By Charlene White
“Dirty, horrible, smackheads” is how Ryan used to describe homeless people.
But a year on from ending up on the streets himself… his view has understandably changed.
A year of sleeping on cardboard by a flyover in Manchester, and a tent in an alleyway in the centre of the city.
According to charities, Ryan is just one of the estimated 80,000 16-25 year olds who are homeless in the UK -- although the government disputes those figures.
But charities say they’re seeing more young people come through their doors, and that it’s set to rise again this year.
In fact, three quarters of the charities we surveyed said they’re seeing a third more young people compared to 2013.
For this programme I met people like Jordan.
His mum died when he was 16, and for the following year his local council in Wales housed him in ten different B&B’s.
He didn’t know where he’d be from night to night, so never unpacked, hardly ever ate because he was scared, and turned to drugs and alcohol.
Now aged 17 - and having found solace and help in the form of the charity Llamau – he has somewhere to stay, is off the drugs, and is able to study. Remember that this is someone who’s not old enough to vote, drink, or go clubbing.
But it’s charities like Llamau who are under immense pressure because of government cuts.
In our survey, one in four of those who receive funding from councils say they’ll have to close if the cuts continue.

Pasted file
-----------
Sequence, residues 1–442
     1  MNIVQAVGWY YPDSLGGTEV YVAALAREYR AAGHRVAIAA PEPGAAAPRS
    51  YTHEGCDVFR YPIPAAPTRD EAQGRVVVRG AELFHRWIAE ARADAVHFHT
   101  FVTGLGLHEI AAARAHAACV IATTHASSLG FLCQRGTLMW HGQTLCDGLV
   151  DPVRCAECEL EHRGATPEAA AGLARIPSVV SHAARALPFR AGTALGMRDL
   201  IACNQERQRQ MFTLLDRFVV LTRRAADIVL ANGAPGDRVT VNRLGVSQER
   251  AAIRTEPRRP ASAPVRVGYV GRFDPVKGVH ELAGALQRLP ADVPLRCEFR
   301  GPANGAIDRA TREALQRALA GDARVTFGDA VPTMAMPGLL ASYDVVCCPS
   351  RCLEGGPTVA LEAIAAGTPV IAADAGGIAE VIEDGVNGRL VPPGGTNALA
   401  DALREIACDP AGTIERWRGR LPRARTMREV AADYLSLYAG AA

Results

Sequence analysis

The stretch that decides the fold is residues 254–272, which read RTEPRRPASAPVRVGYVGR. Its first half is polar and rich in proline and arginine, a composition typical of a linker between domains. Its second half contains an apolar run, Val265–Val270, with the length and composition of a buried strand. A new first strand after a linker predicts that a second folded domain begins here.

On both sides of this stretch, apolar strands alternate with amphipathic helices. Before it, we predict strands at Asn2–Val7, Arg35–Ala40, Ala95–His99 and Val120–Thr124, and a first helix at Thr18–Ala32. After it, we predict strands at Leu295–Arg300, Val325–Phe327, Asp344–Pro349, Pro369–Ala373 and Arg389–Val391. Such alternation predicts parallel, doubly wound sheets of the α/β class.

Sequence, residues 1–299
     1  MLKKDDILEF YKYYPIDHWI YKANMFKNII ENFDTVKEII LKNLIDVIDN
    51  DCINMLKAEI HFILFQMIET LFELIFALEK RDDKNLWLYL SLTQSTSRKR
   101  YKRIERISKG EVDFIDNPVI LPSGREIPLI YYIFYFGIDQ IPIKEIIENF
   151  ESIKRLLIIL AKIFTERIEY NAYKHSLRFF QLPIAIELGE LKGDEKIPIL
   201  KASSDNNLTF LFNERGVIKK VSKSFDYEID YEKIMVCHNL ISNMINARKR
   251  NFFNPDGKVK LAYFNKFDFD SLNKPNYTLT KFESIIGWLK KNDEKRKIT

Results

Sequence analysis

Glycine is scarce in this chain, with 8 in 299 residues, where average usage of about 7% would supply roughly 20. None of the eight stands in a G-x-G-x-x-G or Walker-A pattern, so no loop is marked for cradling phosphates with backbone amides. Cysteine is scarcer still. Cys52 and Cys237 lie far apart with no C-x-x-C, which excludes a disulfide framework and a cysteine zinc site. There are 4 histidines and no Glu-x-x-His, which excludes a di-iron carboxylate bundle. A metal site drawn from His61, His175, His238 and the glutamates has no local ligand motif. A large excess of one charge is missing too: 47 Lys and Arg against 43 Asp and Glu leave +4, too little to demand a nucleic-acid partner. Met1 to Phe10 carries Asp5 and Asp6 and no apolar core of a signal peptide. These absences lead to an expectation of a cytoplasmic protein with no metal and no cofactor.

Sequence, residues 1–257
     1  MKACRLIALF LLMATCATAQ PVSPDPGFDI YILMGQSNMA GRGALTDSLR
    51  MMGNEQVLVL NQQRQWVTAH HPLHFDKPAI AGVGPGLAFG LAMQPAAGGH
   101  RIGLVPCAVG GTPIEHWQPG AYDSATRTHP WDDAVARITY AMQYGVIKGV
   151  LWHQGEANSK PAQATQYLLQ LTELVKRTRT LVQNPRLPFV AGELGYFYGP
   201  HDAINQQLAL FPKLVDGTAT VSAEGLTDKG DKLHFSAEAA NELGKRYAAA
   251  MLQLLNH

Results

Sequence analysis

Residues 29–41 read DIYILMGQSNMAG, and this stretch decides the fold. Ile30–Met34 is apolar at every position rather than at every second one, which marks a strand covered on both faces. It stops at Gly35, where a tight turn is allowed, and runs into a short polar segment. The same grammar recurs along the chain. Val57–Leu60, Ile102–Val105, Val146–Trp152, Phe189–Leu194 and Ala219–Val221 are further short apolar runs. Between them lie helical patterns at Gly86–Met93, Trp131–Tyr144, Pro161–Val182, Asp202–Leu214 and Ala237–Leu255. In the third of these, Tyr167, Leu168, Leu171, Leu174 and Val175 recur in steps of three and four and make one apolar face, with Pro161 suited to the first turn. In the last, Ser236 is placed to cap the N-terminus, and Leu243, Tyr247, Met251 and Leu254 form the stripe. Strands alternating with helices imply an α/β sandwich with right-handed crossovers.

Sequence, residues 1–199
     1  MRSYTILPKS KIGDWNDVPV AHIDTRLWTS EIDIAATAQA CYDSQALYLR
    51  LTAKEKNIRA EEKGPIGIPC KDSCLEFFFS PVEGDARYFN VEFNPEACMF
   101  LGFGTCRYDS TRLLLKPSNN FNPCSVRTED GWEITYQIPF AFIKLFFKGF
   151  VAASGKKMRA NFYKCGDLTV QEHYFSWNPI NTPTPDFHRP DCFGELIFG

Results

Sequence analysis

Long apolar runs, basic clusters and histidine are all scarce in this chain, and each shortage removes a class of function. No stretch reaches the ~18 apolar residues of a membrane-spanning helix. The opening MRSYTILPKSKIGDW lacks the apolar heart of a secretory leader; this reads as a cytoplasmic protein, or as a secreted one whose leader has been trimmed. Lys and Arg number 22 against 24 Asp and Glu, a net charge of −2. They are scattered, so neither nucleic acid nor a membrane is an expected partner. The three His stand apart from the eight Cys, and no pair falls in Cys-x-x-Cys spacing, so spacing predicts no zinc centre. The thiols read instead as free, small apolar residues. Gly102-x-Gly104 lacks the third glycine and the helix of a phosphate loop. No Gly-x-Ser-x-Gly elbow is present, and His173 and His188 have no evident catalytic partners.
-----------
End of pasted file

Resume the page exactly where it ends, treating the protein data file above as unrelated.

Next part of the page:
Their worry is what will happen to vulnerable young people like Jordan.
If the charities aren’t there to help, their future is bleak.
- Fears of closure amid housing benefit changes
The government says it’s committed to reducing the number of homeless people.
Michael Jones, Minister for Local Government, says: “We’ve put in additional money, £139m is going to a number of charities and different organisations to help reduce homelessness”.
However, 18-21 year-olds are set to lose their automatic entitlement to Housing Benefits from April 2017. There are also plans to cap housing benefits, subject to government consultation.
Charities are scared about what comes next. And what impact homelessness has on young people and their mental health.
The stories we heard on our travels were at times heartbreaking.
Our visit to a set of caves in Stockport, where homeless people regularly sleep, was probably the most poignant.
Charities and the government do agree on one thing: there are no easy answers to solve this.
But to ignore it, is quite simply not an option.
Tonight: 'Generation Homeless' will be broadcast at 7:30pm on Thursday on ITV